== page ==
What is NLC reporting on the U.S. Treasury Department CRF
guidance related to public safety expenditures?
The National League of Cities (NLC) sent the following update
“Earlier this month, the Treasury Department Office of
Inspector General (OIG) attempted to backtrack on reasonable reporting
requirements for state and local governments using Coronavirus Relief
Funds under the CARES Act.
The OIG guidance would have overruled a prior
presumption that all payroll costs for public health and public safety
employees would be treated by federal regulators as payments for
services to mitigate the impact of COVID-19, as required by the CARES
The OIG guidance would have imposed burdensome new
reporting requirements after cities had already relied on
the presumption to support budgeting, payroll, and employment
decisions. More consequentially, the change would have made it more
likely that the OIG could attempt to claw back
expended CRF funds, possibly years later, similar to FEMA funds.
NLC quickly brought together a coalition to
convince Treasury to reverse course on new reporting requirements, which
they did this week in an updated guidance published yesterday that dropped
the new burdensome reporting requirements and reinforced the
original presumption guidance. (Editor’s note: The guidance is not
yet posted on the Treasury Department’s CRF webpage.)
The updates requested by NLC are found in FAQs 63 and 70-72,
which are related to the recordkeeping requirements for public health and
public safety employees significantly dedicated to mitigating or responding
to the COVID-19 public health emergency.”
What action did the Texas Supreme Court recently take with
regard to evictions?
Last Thursday (September 17), the Texas Supreme Court issued
an administrative order clarifying certain aspects of the
federal nationwide eviction moratorium.
As reported on September 2, the Centers for Disease Control and
Prevention (CDC) issued an order to temporarily halt residential evictions to
prevent the further spread of COVID-19. Effective September 4, 2020, through
December 31, 2020, the CDC order provides “rent deferral” for qualifying
individuals. As reported by The Texas Tribune, the federal moratorium left
several unanswered questions.
The Texas Supreme Court’s administrative order addresses three
primary issues relating to the federal moratorium. The order:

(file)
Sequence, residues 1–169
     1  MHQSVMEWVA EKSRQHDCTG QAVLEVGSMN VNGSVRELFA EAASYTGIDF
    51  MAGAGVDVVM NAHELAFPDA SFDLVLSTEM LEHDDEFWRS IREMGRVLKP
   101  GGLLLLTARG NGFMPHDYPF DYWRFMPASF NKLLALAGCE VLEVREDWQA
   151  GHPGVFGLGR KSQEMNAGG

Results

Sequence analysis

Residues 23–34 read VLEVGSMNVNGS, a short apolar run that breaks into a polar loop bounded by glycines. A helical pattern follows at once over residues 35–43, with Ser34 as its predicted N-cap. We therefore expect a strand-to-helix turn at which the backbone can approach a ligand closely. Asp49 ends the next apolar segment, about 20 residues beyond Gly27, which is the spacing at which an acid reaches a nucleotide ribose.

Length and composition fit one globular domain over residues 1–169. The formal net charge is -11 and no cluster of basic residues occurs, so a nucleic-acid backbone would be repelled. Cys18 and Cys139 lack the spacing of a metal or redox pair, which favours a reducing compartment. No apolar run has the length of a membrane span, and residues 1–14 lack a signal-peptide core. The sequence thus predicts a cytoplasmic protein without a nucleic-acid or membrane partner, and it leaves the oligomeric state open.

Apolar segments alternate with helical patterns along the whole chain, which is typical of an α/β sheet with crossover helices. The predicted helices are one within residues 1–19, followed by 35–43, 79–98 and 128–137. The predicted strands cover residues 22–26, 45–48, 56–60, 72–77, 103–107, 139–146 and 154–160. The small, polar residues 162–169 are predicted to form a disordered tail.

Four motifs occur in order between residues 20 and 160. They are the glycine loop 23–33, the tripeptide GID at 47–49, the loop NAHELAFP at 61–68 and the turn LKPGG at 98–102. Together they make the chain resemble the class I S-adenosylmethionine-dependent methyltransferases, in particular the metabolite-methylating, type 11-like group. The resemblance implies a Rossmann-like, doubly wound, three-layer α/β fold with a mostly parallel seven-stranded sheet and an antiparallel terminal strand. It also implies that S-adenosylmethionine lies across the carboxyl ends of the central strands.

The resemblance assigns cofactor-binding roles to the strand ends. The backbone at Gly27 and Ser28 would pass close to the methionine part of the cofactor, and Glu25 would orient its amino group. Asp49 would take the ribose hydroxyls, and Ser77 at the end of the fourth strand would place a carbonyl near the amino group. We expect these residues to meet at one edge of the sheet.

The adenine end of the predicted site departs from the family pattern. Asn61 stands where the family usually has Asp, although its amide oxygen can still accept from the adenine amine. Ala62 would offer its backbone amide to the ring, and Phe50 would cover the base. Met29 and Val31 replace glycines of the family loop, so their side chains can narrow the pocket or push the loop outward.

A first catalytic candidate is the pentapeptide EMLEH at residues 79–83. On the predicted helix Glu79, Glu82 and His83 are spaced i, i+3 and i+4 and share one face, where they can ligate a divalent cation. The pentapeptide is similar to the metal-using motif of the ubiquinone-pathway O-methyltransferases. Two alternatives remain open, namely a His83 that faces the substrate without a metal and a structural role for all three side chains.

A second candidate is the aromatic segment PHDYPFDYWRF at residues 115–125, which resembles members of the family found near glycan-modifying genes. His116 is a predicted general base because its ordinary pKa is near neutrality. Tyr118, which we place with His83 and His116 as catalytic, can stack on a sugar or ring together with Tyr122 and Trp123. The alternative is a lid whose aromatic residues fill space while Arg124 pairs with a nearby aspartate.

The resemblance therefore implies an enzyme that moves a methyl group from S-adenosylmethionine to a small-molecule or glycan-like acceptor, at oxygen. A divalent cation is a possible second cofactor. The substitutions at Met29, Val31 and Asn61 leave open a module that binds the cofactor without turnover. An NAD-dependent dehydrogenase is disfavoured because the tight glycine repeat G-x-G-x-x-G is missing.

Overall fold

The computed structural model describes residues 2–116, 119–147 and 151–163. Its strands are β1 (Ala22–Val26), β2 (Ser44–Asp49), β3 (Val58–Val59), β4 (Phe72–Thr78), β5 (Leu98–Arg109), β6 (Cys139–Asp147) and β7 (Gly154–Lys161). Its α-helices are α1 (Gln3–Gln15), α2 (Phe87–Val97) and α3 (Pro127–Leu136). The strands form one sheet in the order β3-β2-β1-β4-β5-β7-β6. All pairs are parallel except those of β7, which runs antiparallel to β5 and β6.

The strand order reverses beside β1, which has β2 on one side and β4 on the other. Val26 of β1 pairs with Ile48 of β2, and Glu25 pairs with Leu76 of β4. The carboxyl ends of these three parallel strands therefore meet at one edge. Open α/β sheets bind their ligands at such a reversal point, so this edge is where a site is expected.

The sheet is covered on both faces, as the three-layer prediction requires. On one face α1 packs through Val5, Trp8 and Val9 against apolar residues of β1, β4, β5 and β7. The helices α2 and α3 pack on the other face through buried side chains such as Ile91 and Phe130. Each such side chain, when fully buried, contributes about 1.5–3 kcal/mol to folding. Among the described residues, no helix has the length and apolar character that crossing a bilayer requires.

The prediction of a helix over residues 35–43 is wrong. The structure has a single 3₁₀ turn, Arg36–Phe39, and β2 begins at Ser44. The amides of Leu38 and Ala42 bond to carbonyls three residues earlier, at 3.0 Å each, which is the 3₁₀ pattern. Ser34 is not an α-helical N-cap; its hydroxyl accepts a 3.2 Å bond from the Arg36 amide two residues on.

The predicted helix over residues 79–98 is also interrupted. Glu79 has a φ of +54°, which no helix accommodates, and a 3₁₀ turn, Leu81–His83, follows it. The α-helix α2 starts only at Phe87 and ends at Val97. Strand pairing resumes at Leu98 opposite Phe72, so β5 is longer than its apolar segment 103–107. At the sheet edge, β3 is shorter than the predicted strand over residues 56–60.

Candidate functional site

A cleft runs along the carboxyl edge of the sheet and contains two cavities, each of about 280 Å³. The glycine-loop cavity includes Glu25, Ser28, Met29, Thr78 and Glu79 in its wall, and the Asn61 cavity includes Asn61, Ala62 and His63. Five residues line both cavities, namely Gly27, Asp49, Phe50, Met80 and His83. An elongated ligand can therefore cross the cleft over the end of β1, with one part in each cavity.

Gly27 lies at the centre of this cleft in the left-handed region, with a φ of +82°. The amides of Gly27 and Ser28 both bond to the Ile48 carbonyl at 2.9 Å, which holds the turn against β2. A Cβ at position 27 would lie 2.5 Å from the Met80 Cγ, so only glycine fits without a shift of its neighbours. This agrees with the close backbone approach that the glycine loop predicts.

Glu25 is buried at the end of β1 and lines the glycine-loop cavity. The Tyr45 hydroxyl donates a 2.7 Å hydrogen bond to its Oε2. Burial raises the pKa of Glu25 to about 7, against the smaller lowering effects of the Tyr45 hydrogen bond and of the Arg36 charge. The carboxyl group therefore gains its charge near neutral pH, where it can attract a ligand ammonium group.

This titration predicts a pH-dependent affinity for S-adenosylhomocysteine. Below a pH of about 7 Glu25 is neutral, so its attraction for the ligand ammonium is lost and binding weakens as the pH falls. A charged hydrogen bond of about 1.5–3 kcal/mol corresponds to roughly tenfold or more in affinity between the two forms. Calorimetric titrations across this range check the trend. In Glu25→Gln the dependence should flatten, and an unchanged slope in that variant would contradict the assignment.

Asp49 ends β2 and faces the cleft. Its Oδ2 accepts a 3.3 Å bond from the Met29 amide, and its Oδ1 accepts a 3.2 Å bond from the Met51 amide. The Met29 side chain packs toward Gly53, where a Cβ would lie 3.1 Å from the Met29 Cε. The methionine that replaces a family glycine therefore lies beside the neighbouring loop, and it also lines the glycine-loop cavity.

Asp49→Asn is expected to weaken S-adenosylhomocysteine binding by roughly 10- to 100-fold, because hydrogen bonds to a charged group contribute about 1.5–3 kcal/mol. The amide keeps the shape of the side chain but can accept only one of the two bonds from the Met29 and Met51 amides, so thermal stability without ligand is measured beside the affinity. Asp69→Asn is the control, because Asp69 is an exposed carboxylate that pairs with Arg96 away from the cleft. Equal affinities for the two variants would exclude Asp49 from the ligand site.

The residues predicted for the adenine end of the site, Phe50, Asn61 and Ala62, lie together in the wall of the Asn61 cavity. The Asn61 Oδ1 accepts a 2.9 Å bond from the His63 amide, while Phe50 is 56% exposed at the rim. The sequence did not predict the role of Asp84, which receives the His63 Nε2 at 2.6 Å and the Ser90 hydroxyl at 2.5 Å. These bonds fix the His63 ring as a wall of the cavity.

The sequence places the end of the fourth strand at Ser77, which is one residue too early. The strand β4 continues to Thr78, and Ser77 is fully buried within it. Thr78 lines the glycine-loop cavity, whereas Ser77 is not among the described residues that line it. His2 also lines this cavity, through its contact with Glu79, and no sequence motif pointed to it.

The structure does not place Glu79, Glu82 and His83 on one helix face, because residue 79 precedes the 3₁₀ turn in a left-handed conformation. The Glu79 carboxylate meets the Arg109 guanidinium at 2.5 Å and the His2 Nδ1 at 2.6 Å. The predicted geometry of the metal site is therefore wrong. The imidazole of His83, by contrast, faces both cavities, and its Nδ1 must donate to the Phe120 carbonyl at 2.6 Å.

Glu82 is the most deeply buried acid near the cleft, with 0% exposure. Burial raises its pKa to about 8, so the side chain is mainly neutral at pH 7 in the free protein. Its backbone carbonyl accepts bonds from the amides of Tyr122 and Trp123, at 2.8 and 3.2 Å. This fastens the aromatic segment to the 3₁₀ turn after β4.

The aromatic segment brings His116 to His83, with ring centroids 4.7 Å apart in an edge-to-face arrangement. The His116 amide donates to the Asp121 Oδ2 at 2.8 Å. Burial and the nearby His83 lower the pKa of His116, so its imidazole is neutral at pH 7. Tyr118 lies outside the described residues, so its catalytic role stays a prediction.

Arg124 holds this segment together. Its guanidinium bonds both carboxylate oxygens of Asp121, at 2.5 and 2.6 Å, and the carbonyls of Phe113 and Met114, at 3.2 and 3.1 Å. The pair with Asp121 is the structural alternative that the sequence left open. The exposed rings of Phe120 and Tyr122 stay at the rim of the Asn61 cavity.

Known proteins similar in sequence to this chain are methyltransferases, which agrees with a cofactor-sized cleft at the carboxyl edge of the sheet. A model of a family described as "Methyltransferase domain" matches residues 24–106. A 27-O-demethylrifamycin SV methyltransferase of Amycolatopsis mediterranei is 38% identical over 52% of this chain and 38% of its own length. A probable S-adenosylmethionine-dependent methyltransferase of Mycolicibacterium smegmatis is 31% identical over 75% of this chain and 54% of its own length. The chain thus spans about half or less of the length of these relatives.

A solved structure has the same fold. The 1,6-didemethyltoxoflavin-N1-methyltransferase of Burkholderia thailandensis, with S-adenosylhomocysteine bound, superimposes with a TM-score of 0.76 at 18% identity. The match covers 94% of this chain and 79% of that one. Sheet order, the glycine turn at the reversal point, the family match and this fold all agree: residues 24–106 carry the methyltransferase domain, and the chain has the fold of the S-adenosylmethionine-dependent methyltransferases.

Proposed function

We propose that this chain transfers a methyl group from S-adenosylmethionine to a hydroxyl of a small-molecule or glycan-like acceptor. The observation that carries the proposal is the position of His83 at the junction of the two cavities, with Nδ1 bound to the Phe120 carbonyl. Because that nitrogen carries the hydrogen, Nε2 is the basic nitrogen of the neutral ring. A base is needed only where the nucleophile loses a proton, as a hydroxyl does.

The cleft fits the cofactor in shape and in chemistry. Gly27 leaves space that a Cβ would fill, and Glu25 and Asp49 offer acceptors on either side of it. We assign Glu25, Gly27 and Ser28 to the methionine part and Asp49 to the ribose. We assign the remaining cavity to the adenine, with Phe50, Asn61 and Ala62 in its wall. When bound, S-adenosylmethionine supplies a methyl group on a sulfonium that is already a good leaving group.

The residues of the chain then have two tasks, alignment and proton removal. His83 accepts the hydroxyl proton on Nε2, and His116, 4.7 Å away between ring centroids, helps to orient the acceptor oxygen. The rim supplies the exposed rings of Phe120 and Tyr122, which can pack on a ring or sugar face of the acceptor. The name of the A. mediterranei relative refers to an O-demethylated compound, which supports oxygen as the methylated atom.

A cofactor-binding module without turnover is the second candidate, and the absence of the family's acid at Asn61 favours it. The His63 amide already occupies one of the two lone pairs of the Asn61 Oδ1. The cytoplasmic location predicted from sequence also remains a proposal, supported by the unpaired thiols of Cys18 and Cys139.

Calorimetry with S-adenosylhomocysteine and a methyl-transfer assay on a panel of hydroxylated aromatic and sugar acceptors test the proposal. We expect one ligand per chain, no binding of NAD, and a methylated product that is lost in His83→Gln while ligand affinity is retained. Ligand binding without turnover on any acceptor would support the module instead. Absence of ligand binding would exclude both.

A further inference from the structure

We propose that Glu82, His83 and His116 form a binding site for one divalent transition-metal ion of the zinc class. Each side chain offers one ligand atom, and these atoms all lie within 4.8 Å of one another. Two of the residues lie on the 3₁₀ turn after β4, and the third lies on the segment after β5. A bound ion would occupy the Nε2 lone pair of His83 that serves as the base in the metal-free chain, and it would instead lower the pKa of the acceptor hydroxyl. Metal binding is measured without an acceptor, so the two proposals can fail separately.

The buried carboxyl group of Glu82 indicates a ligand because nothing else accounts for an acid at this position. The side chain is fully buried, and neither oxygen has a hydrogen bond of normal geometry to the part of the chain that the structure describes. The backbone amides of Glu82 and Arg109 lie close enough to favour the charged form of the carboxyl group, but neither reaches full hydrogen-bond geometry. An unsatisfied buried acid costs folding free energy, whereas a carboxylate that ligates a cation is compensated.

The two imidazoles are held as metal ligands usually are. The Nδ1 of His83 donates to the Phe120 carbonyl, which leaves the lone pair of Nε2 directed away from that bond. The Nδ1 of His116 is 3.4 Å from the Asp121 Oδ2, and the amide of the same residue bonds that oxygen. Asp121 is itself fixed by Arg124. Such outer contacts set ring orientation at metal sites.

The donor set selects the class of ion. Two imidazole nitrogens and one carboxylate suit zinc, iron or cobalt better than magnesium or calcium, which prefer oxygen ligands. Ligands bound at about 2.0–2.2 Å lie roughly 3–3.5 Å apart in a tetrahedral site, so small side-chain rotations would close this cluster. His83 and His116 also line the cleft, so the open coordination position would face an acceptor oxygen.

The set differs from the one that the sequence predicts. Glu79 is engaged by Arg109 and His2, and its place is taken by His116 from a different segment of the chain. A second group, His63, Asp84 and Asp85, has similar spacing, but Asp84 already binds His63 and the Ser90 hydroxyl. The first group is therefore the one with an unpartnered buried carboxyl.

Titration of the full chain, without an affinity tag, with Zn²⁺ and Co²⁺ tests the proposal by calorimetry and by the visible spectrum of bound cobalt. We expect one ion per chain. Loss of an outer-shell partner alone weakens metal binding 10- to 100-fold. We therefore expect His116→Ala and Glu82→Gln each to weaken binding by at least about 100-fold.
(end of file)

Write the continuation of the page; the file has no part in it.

-requires that, in an action for eviction to recover
possession of residential property under Chapter 24 of the Texas Property
Code and Rule 510 of the Texas Rules of Civil Procedure, the petition and
citation include certain information to ensure that tenants are notified
about the federal eviction moratorium;
-includes certain information to ensure that tenants are
notified about the federal eviction moratorium;
-clarifies that the federal moratorium could prevent an
eviction where the eviction has been granted, but the order to have the
constable remove a person (the writ of possession) has not yet been issued;
-provides a procedure for landlords to contest a tenant’s
declaration that he or she is qualified for rent deferral under the federal
What is TxDOT doing to help cities with transportation
projects during the pandemic?
The Texas Department of Transportation is providing favorable
Texas State infrastructure Bank terms for certain new and existing projects
and loans. The agency provided the following:
“The Texas State Infrastructure Bank (SIB) is a low-cost revolving
loan program within TxDOT that offers financial assistance in the form of at
or below market rate loans to public or private entities authorized to
construct, maintain or finance an eligible public highway project.
Eligible projects must be eligible for assistance under
existing federal highway rules (Title 23, United States Code),
environmentally cleared, consistent with the Statewide Transportation
Improvement Program (STIP) and consistent with the transportation plan
developed by the local metropolitan planning organization (MPO).
To assist local governments in navigating this difficult time,
the Texas SIB will be waiving interest during the first 3 years of approved
SIB loans for current applicants and new applications received from now until
the end of the year (December 31, 2020). Some examples where this may be
beneficial to your community include:
-Outstanding or upcoming funding contribution(s) to a TxDOT
-Outstanding or upcoming costs for right-of-way (ROW)
acquisitions and/or utility relocation for a TxDOT project.
-Funding eligible, local project letting within the next 12
The TxDOT State Infrastructure Bank Webinar will take place as
Date: September 29, 2020
Time: 11:00 am
Registration: Register Here
Purpose: To learn more about the SIB program and TxDOT’s
SIB-related COVID-19 efforts to assist local governments in this challenging
Where can I find archived issues of the TML Coronavirus
TML Coronavirus Updates are archived by date here and by subject here.